Today the street is a tree-lined avenue, twisting and turning down into Elizabeth Bay, scattered with shops and restaurants, and full of the eclectic charm and character that make our area so appealing.

At one end, Ward Avenue is home to the area’s much-needed public car park. In the 1970s, the other end was transformed by the opening of the Kings Cross Tunnel.

There are still some major landmarks along Ward Avenue today.

Number 3: The Roosevelt

“The Roosevelt” is a classic residential Art Deco walk-up building. Peek through the glass doors to catch a glimpse of the art deco staircase with terrazzo floors.

Number 4: Marlborough Hall

Marlborough Hall was designed by prominent art deco architect Emil Soderston and completed in 1938. It is a landmark seven-storey L-shaped block of what was described at the time as 63 “bachelor flats”.

As heritage consultant Andrew Woodhouse writes:

“His use of mottled brick, horizontal bands and a six-storey, amber glass stairwell façade are indicative of this new, functionalist style. This chevron-shaped glass wall is one of his architectural signatures, also used on his design for the City Mutual Life Assurance building, 10 Bligh Street, and is designed to increase light into interiors.”

The building was planned to offer almost every flat a North-East aspect and an ideal view of the harbour. The apartments’ livability and their unique art deco charm mean they’re still coveted today.

Number 5-7: Claremont

This five-storey residential building offers residents an indoor pool, sauna, and gym.

Number 6-8: Madisons

A unique apartment building has a tranquil internal tropical courtyard overlooked by balconies and a distinctive curved facade with glass bricks.

Number 12: The Oxley

One of many art deco blocks along Ward Avenue, “The Oxley,” built in 1936, has its name on the long glass window that runs up the building, along with many other glamorous Art Deco details, including the eye-catching entrance doorway.

Number 18: “Oakleigh”

“Oakleigh” was placed under a heritage conservation order in 1985 and officially added to the NSW State Heritage Register in 1999.

Dating from the 1880s, it is described as a Victorian-era villa “in Italianate style, built as a gentleman’s townhouse, with five well-proportioned rooms and four smaller utility rooms/bathrooms over three storeys, and a belvedere or tower room”.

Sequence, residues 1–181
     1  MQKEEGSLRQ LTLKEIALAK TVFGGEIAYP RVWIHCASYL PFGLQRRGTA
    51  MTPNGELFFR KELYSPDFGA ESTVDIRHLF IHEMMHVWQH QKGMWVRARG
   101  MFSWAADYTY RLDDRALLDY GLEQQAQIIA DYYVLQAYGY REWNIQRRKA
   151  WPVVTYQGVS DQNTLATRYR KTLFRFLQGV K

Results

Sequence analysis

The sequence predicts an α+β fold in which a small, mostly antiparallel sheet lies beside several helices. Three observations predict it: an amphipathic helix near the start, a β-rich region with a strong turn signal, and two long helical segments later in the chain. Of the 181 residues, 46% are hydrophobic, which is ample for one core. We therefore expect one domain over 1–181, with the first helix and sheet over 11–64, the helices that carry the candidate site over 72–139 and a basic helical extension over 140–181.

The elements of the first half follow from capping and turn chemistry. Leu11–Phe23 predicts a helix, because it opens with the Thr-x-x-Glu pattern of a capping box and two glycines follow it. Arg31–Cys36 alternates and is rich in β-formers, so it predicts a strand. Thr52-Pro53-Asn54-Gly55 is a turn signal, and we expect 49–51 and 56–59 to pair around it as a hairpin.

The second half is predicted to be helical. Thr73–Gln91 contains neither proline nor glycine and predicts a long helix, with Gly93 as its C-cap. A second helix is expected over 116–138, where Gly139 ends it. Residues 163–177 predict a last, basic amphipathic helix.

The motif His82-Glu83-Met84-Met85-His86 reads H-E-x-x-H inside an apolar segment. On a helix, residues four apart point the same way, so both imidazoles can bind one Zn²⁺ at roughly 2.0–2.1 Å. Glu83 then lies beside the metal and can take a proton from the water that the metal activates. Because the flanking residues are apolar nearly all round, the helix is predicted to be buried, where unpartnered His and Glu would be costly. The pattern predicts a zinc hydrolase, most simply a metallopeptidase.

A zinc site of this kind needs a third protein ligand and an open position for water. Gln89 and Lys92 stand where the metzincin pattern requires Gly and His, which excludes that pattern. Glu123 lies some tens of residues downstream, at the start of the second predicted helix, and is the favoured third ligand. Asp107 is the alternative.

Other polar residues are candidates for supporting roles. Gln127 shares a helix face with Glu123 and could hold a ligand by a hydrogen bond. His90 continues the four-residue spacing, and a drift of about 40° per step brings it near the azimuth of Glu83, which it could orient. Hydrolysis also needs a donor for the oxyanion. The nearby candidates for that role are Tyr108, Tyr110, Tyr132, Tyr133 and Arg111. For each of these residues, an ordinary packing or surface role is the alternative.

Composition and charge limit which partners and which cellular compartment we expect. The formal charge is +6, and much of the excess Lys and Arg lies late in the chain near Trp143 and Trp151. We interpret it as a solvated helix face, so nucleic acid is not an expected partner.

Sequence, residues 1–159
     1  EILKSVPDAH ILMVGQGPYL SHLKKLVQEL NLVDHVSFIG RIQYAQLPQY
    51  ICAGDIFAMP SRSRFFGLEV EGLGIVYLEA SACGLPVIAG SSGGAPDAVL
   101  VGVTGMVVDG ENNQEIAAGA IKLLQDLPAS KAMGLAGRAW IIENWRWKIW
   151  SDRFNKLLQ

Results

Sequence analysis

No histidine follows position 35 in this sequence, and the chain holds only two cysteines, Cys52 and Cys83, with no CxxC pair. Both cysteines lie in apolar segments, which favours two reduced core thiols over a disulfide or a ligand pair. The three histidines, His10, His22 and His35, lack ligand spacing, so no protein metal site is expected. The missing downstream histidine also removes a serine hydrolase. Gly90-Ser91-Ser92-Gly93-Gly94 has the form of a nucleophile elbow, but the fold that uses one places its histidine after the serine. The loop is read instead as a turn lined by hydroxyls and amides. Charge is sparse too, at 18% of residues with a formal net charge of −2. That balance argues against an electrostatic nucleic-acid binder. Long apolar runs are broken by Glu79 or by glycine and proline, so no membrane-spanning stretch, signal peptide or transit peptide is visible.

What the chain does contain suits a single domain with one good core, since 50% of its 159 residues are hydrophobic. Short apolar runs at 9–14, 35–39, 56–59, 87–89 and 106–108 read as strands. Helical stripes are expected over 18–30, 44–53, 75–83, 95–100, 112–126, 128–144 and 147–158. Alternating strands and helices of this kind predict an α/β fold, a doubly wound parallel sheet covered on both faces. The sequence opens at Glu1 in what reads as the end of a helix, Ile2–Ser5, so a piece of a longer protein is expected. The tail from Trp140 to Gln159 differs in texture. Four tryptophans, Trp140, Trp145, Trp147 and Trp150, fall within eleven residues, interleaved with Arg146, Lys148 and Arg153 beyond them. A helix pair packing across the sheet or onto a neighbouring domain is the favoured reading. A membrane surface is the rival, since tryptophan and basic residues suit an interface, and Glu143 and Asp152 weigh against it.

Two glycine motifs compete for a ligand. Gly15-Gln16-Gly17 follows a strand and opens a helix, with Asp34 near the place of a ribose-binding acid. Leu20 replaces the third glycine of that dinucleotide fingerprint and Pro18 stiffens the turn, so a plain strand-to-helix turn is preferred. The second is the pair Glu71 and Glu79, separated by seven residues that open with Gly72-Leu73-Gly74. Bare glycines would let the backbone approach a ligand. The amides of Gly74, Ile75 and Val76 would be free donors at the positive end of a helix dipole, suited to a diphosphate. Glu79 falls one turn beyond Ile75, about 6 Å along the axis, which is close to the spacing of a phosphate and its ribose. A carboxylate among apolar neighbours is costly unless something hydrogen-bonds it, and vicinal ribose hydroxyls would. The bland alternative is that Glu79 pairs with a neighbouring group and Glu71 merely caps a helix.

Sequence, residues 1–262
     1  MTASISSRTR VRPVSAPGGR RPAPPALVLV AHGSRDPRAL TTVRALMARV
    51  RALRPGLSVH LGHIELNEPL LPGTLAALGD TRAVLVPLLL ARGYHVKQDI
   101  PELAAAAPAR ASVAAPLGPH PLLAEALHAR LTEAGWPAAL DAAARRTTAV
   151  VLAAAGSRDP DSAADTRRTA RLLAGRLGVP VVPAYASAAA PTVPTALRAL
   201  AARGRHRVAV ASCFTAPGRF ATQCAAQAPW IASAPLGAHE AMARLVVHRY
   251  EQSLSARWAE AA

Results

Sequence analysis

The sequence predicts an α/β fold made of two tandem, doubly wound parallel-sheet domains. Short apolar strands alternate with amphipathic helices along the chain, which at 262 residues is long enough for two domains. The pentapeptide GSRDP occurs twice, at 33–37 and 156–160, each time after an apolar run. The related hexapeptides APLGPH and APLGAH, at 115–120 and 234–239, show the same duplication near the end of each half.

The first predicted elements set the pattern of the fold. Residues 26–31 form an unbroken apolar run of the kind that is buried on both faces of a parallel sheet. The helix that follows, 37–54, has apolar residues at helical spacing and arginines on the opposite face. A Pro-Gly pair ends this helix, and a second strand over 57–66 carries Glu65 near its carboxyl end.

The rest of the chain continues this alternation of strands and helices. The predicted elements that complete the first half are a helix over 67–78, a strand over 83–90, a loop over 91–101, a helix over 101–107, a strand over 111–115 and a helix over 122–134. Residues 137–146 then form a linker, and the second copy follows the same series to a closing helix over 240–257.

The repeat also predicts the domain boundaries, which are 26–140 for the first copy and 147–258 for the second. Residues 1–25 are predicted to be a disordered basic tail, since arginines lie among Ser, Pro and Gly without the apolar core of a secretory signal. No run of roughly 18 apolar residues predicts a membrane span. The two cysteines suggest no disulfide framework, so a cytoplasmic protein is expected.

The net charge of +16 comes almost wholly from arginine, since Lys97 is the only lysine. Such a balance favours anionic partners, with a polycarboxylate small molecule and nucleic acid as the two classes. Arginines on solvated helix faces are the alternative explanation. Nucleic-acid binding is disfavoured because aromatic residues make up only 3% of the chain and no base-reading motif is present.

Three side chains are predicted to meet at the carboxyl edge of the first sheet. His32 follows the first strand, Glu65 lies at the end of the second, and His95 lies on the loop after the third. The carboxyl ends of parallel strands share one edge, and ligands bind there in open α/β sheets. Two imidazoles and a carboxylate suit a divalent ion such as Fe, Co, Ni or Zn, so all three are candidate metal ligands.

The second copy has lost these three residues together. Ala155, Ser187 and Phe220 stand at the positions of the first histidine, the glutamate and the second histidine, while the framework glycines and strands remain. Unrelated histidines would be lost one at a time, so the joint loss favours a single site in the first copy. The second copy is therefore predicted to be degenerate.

In the early 1900s, it was converted into a boarding house owned by the Boucher/Williams family, who also owned properties on Kellett Street. A rear ‘L’ shaped three-storey addition was added with 12 more rooms and kitchenettes connected by a timber verandah.

In 1949, Florimond and Cecelia Coucke and their family moved into Oakleigh with Cecelia’s mother, Lucy Kendrick, after arriving from Europe. In 1963 they bought the house for £3,000.

From the 1950s to the 1980s, the house became known for its artistic, bohemian atmosphere and soirees, which attracted artists, poets, and writers. It is said to have formed the inspiration for “Maison Le Guessly,” a house described in Bryce Courtenay’s book, “April Fools Day”.

By the 1980s, Oakleigh was under threat from developers keen to create a multi-storey hotel, but the family managed to save their home. After five generations, they sold it in 2022.

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Article by Jason Boon

In a real estate market that is the focus of Australian, and indeed worldwide attention, Jason Boon's results in the Sydney scene make him a highly significant figure within the industry. A long-term specialist in the Potts Point and inner eastern suburbs area, he is uniquely placed to leverage his skills and local knowledge as the area undergoes significant change and diversification. Jason ha…